Trump announced Monday that a 10 percent tariff on $200 billion worth of Chinese imports will be imposed and set to go into effect next week before eventually rising to 25 percent by year-end. If Beijing takes retaliatory action, the White House “will immediately pursue phase three, which is tariffs on approximately $267 billion of additional [Chinese] imports,” according to Trump’s latest statement.
When the extent of the full tariffs hit, “it will be painful in some fashion,” said Snyder, a Republican. “Raising the prices of vehicles is a real concern,” he continued, adding that agriculture players are even “more concerned” than the auto industry.
Michigan has been a major beneficiary of open trade with the world’s second largest economy. It’s received $1.21 billion in Chinese investment since 2011, a sum that’s created more than 6,000 jobs.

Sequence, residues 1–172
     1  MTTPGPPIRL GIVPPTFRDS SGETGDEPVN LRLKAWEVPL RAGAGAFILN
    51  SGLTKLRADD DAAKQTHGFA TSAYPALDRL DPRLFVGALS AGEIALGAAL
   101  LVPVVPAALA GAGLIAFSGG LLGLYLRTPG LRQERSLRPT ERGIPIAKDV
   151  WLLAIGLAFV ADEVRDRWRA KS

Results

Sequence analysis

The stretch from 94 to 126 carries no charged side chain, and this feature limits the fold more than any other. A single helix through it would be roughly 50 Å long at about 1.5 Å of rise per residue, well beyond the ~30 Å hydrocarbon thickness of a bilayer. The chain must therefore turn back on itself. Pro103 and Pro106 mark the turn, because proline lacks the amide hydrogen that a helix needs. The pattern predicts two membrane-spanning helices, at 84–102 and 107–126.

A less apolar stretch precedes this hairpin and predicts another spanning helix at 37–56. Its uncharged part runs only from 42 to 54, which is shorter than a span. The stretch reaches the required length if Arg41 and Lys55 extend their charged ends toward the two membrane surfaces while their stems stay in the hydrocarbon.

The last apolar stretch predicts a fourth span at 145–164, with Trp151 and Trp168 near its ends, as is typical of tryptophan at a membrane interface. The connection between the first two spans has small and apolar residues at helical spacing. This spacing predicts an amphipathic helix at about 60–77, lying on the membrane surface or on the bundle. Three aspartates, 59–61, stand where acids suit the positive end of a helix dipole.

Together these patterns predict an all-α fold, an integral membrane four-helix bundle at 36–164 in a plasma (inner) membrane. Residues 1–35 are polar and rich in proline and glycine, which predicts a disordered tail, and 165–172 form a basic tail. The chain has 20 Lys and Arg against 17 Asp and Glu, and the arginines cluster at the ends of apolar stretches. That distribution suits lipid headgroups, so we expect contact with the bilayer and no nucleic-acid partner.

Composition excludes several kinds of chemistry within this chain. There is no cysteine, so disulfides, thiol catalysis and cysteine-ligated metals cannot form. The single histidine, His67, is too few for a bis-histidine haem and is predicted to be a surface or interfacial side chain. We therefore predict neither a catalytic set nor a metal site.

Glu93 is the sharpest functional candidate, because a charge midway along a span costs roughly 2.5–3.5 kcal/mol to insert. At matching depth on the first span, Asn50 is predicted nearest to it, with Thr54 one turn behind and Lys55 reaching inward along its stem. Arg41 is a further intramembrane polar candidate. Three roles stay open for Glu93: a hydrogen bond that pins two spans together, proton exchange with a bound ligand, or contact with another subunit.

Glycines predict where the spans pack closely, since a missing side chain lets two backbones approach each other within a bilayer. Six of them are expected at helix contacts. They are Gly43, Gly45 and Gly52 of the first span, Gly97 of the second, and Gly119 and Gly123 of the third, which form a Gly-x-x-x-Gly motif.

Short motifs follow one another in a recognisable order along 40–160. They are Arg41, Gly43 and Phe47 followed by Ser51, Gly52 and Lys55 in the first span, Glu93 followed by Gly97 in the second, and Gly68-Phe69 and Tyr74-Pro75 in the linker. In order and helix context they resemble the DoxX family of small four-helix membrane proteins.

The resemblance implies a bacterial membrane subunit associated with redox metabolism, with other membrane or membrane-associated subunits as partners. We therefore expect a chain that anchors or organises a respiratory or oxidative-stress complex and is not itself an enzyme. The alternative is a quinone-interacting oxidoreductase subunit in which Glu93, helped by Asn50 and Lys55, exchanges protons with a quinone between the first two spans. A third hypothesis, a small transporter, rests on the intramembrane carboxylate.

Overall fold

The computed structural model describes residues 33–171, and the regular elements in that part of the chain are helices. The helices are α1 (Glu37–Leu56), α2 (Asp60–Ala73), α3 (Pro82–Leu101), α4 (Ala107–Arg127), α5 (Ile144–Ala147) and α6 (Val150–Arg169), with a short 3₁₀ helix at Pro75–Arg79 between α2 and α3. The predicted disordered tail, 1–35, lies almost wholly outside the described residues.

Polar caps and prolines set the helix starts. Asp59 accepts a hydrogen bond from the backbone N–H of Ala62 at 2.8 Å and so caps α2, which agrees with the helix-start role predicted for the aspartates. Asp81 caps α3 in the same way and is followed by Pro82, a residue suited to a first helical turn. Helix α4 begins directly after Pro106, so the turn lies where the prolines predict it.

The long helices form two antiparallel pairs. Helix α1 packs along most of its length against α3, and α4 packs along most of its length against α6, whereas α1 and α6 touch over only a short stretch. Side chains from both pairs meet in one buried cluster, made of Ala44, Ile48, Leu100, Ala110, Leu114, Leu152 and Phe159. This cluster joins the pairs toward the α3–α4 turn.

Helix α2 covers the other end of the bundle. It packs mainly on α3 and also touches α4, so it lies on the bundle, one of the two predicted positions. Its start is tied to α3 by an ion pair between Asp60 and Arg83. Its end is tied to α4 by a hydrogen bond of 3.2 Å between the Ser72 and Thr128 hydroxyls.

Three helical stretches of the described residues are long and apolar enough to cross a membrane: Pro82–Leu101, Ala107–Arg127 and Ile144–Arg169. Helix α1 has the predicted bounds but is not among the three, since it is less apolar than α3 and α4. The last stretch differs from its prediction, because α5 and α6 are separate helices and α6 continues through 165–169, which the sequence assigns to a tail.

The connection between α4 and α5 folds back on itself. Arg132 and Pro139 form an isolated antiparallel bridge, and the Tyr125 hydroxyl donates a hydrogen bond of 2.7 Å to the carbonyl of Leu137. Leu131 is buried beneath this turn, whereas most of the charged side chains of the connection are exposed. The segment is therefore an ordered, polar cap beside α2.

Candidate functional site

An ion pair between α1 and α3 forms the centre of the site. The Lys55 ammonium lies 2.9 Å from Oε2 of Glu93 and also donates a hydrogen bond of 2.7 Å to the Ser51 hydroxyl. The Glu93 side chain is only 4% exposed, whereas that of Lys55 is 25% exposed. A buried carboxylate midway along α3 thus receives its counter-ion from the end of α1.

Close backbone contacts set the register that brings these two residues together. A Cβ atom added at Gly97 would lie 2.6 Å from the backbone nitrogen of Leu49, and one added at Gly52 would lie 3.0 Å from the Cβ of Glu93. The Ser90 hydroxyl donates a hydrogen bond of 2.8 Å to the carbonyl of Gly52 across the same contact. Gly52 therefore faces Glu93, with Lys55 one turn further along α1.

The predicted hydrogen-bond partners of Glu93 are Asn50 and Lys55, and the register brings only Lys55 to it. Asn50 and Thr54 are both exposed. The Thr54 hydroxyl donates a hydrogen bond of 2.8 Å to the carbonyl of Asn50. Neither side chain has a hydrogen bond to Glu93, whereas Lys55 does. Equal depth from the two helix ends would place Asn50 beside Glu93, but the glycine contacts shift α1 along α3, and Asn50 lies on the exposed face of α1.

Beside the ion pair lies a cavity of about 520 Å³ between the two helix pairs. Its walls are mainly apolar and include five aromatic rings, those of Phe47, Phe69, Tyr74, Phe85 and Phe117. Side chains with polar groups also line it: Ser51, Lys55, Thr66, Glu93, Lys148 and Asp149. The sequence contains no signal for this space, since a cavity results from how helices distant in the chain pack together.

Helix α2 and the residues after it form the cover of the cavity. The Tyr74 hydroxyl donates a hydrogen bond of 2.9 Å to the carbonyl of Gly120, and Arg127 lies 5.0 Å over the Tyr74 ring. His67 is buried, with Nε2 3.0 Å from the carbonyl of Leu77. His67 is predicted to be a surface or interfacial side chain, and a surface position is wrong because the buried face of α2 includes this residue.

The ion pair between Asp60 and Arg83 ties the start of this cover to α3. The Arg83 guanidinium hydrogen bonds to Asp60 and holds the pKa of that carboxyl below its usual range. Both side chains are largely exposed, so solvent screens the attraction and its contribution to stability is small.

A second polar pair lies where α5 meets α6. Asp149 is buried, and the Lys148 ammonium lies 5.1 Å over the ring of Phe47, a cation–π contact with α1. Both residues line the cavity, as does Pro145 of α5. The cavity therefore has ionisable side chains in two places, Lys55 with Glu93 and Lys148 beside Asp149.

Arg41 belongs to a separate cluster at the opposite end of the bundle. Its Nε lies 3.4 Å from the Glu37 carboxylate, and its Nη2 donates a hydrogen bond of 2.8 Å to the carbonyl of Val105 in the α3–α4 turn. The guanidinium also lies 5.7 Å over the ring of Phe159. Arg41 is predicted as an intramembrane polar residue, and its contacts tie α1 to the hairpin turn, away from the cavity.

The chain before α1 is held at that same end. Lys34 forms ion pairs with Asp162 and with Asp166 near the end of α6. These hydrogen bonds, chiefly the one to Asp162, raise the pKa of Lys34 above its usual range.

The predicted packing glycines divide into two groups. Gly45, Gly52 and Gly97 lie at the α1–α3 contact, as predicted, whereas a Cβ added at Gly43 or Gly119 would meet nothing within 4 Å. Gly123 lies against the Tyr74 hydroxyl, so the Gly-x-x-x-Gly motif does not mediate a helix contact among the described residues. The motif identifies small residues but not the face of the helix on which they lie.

The state’s export business — which includes iron, steel, ships and glassware — is worth around $3.8 billion.
Snyder, who is in China for a trade mission, said that despite the current stand-off, he’s still optimistic: “Everybody wins if we put this behind us, in terms of a good solution.”
“I’m still having wonderful meetings with people in China because it’s about the long-term relationship too … Most of the response I’ve been getting is how we keep doing (business) while this national discussion is going on,” he continued.
Trump has long maintained that his trade policies are about bringing jobs back to the country but he noted that his state has already been booming in tech and manufacturing employment.
Tariffs are less about jobs and more about important issues “such as intellectual property,” that need to be addressed, Snyder said.